Q – There will be more engagement of China in Central Asia, be it through pipelines or population migration. As China is not part of the OSCE, how can an early warning system for conflict prevention be embedded?
A – There are many actors in Central Asia. We are the Euro-Atlantic and Eurasian organization and when it comes to conflicts stemming from Afghanistan it is not only China, it is also India, Pakistan and Iran. The neighbourhood is very composite and complex. So we will work from our angle, but we are also in contact with organizations like the Shanghai Cooperation Organisation based in Beijing, which is working on programs in Central Asia.
I think when you address complex problems such as the long-term stability of Afghanistan, you really need the international community to cooperate because there is no single actor, neither national nor international, who can make a difference. We need a convergence and a sense of an agreed strategy.
Q – Yes, it is necessary for the international community to stand together in times of crisis. The more it comes as a surprise that NATO is pushing forward the project for the missile shield, which is perceived as a threat in Russia. So when you are aiming at a common security architecture, this must be a major obstacle for your work in the OSCE. What do you think NATO could offer Russia to join this security architecture?
A – Well, I do not see the two things depending on each other. There is a dialogue between NATO and Russia on missile defence. It is my hope that this dialogue will continue positively and will contribute to create this climate of trust that we want to establish.
There are many other examples of difficulties that we are facing. I was in Kosovo heading the UN operation there and it is an issue that remains on the agenda of many organizations like the UN, the European Union and the OSCE. Obviously there is a challenge in front of us and that is also what motivates us to engage and to reform, in order to be more effective.
Q – Do you think the new military strategy of the US refocusing on the Pacific improves the level of trust between Europe and Russia – because there is less American involvement in Europe?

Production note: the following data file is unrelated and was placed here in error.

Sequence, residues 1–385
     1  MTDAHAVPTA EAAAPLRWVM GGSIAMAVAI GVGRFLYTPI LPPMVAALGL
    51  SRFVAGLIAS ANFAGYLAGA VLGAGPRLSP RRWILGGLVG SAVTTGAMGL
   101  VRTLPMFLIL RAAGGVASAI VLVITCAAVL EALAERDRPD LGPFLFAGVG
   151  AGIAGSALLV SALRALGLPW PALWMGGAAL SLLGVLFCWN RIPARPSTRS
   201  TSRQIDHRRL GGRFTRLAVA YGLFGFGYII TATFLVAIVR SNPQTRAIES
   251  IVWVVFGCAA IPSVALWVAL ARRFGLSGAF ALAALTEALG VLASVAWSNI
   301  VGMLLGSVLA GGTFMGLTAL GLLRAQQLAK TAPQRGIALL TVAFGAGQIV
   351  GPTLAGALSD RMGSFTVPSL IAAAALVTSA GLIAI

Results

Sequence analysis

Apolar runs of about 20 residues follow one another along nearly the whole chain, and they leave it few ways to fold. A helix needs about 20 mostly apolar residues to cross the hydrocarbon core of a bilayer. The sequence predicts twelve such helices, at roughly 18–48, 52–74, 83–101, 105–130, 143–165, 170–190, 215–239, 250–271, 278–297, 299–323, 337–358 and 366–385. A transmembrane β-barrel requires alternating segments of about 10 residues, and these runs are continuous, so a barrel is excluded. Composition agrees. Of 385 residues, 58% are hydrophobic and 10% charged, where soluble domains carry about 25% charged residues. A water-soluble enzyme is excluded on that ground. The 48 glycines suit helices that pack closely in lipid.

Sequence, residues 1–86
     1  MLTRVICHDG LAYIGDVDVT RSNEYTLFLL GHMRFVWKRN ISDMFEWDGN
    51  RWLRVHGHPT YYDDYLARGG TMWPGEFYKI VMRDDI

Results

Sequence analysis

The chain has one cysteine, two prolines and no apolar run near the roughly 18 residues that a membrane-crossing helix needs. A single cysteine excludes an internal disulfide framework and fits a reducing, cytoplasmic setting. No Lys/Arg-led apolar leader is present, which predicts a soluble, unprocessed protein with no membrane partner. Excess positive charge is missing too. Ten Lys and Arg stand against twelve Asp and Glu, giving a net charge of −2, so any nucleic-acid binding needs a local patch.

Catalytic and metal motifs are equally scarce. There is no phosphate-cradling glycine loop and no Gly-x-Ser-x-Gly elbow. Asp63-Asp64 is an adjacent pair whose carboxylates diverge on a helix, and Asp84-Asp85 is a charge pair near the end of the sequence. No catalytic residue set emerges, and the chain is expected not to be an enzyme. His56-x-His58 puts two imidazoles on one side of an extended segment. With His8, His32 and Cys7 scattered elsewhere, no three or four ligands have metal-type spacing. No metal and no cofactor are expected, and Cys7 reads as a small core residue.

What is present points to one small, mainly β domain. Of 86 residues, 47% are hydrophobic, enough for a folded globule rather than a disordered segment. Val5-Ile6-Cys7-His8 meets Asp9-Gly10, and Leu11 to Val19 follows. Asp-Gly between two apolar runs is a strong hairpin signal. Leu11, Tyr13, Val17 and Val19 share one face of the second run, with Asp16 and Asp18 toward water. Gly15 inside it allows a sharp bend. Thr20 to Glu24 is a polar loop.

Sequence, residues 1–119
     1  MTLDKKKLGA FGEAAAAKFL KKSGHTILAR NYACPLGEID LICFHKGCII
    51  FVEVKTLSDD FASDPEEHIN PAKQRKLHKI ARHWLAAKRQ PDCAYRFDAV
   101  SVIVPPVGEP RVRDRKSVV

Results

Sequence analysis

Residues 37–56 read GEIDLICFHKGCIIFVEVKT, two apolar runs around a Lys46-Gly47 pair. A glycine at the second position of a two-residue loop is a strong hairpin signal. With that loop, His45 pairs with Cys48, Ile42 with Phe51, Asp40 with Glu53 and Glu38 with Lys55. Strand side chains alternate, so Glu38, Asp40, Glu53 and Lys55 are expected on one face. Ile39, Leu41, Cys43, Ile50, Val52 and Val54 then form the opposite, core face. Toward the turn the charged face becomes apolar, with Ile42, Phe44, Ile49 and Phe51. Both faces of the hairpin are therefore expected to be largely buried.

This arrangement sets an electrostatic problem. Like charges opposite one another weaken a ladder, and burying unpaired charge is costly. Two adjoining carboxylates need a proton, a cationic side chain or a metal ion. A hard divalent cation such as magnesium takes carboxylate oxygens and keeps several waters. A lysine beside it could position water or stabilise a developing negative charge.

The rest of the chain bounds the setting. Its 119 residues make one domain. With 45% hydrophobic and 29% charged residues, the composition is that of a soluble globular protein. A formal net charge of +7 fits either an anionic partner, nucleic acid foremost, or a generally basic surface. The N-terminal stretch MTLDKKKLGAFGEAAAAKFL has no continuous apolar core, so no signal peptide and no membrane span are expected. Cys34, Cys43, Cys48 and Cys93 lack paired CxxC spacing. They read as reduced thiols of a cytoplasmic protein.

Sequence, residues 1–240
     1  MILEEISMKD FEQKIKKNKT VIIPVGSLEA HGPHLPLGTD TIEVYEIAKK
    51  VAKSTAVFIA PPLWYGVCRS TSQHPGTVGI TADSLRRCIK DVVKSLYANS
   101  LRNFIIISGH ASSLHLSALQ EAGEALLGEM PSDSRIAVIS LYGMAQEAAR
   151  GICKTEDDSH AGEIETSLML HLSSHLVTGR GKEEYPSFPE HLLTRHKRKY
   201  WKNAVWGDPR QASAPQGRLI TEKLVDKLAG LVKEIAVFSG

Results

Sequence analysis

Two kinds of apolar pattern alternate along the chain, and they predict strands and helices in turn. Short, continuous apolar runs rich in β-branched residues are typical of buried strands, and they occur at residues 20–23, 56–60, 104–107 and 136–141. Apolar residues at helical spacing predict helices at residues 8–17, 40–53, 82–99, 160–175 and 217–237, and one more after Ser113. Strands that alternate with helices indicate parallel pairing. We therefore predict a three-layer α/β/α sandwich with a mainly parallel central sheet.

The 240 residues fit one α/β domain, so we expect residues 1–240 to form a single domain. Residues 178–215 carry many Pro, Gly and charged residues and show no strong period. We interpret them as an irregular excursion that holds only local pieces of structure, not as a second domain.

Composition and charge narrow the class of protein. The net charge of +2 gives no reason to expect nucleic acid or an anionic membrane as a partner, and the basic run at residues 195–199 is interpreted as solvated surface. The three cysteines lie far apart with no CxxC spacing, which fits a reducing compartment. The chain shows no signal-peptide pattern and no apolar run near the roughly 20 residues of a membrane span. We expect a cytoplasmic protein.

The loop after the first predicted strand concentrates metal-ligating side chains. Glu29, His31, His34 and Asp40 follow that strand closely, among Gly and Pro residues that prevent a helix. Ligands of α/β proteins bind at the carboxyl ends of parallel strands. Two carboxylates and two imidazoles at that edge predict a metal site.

Something we do in the OSCE is every now and then seminars on military operations. So there is change, there is transparency at the strategic level between the countries. We need to make sure that everybody understands what the plans of everybody else are and shifting attention from one theatre to another in itself is not destabilizing as long as it is public and well explained. So I don't think this will have necessarily an impact of any kind.
Q – One of the two tenets of Russian foreign policy is to establish a stronger position in its near abroad. For example, the establishment of an own Court of Human Rights next to the European Court of Human Rights. Do you think the push back of the European Convention on Human Rights is detrimental for human rights promotion in the Russian sphere of influence?
A – The issue of ECHR influence is for every country to develop. What matters for us is the commitment the members of the OSCE family have made – which is the Helsinki commitments and a whole set of norms that have been developed over time. So certainly the engagement of the organisation will continue, regardless of alliances or development of powerful nations or groups, what matters for us will be the development in the specific areas. The standards that the countries set for themselves are the ones they will continue to be judged by.
Q – Do you think the OSCE will have a more prominent role in a few years, let's say by 2020?
A- In fact, I hope we will have a less prominent role because that would imply that we managed to solve some issues. I would like to believe that we will see progress in solving these protracted conflicts in the next few years and that more trust and reconciliation will be visible. I would like to believe that issues like the regional instability in Afghanistan and the Mediterranean will have evaporated and that human rights standards and democratization will have improved. If this is what we will see in 2020, there will be less need for an organisation like the OSCE. Unfortunately we are not there yet and the international community still has a lot of work to do between now and 2020.